UNIVERSITY cheerleading teams in Malaysia have had it tough. Not only is it difficult to start and maintain teams, there’s also a lack of platforms for them to compete. Thankfully, CHEER is working to change that.

“Other regions have had university divisions for years,” said Sunway University College (SUC) coach Tan Kai Ling.

“In Malaysia, we’d feel demoralised when secondary school teams have better standards and performances than we do, but we couldn’t improve much because there aren’t any competitions for us to perform at.” – SUC coach Tan Kai Ling

Well, now they do. SUC’s junior and senior teams were both given the chance to compete at CHEER 2016, where a brand new University Elite Co-Ed Division was introduced.

CHEER, Malaysia’s biggest cheerleading competition, has been around since 2000, but it was only open to secondary school teams.

The move to open the competition to university teams was welcome by pretty much everyone in the cheerleading scene.

“I only started cheerleading after secondary school, so all this while, I’ve never had the opportunity to compete,” said SUC Senior captain Heng Sin Yi, who led the senior team to victory at the CHEER finals.

“It was always a dream of mine to win a CHEER trophy, and now that dream has come true!”

But the University division is about more than just doling out trophies and cash prizes. It’s about giving the teams a chance for them to take their art and skills to the next level.

“When you test yourself against others, you learn more about your strengths and weaknesses – and you learn about your opponents’ as well,” said Cheerleading Association and Register of Malaysia president Beverley Hon. “Then you go back and work to improve on things – as individual athletes and as a team.”

Besides perfecting their skills on the mat, winning competitions also helps teams garner support from their universities and fellow students.

“It was only after our win at CHEER 2016 that our university gave us funding for mats and uniforms,” said Liaw Wei Xiong, captain and coach of runner-up team Puzzle from Tunku Abdul Rahman University College.

He is also planning on using their new-found prestige to attract new team members.

It’s not easy getting college students to sign up for a sports club, and coordinating their schedules to train a competition-ready team is even more challenging, said Liaw.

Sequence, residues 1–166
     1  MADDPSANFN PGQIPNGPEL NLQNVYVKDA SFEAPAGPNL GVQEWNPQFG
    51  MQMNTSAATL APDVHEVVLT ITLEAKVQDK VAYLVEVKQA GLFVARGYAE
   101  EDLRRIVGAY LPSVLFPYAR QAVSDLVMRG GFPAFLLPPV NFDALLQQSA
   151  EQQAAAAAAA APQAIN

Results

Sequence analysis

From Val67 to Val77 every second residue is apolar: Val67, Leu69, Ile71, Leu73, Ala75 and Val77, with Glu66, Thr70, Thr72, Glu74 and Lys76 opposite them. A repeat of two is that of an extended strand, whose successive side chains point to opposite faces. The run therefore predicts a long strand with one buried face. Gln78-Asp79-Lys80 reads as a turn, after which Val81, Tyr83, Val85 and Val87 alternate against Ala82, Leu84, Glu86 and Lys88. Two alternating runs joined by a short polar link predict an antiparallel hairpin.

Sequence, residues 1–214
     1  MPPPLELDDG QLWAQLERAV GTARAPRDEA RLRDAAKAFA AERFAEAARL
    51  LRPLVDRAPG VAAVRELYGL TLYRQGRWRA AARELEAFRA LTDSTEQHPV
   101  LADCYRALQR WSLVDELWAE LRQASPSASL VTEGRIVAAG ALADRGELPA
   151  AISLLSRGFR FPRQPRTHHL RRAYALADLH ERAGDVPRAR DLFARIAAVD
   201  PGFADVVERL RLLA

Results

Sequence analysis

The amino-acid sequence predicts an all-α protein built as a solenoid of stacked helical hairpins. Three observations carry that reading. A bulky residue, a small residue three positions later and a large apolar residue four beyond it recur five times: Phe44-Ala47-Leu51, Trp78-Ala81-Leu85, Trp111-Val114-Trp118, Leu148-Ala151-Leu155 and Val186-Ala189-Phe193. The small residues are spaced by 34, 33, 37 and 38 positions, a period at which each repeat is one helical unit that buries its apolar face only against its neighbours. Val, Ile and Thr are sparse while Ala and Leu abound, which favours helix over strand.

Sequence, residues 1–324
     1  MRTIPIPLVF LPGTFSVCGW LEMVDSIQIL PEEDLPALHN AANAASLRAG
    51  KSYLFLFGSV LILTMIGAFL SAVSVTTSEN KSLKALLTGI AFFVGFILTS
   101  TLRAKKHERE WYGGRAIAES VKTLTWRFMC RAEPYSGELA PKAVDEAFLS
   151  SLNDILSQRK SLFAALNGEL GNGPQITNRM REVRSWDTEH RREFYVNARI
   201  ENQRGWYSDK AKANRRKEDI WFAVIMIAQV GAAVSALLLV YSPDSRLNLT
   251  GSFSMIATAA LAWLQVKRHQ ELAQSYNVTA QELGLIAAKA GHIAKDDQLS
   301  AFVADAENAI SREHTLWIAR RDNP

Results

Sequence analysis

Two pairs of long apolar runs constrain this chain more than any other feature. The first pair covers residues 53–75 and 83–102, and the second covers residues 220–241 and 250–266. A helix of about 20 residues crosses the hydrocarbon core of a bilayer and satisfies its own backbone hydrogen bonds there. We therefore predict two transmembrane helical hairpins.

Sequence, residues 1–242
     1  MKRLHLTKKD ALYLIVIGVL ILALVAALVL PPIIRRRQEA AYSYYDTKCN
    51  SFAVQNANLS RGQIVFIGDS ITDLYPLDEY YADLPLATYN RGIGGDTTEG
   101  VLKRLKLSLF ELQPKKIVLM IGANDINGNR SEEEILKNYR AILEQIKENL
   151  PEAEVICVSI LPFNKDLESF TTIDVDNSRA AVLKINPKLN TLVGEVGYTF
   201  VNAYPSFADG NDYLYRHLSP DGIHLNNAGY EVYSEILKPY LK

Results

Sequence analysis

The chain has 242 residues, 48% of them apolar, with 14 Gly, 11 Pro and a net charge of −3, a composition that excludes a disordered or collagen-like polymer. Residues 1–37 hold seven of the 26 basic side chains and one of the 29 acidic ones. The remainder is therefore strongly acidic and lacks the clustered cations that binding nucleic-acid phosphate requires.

“Getting everyone together for CHEER was a huge challenge, but my team is very dedicated, and nobody skipped a single training session,” he said.

Liaw said it was unfortunate that many other university teams weren’t able to take part in CHEER 2016 this year.

“We’re lucky we managed to put a team together. I’ve heard that other universities wanted to take part, but couldn’t even get enough members to form a team.”

It might be challenging to start a brand-new team, what with conflicting schedules and a lack of support from the universities, but Hon has some words of advice for those who want to get a team off the ground.

Start off with low-level stunts if the university has concerns about safety, and use the cheer team as sideline support for events both on and off campus, she said.

So approach the other sports teams in your university, and offer to cheer for them whenever they’re competing.

All the sports teams will get some extra support (even if it’s just from the cheer squad), the spectators will get some extra entertainment, and the cheer squad will get more chances to perform. It’s a win-win-win situation!

“Don’t give up,” urged Hon. “There are ways to get it done. Show them what cheerleading is about and lead by example!”

CHEER 2016 was organised by R.AGE and supported by the Youth and Sports Ministry and Education Ministry. Grabcar was the official transportation partner. Watch all CHEER 2016 performances on our Facebook page!


Literature grad-turned-journalist who loves our R.AGE team karaoke nights a little too much. While her literature background has left her with a slightly twisted sense of humour, it has also given her a passion for writing on social issues.

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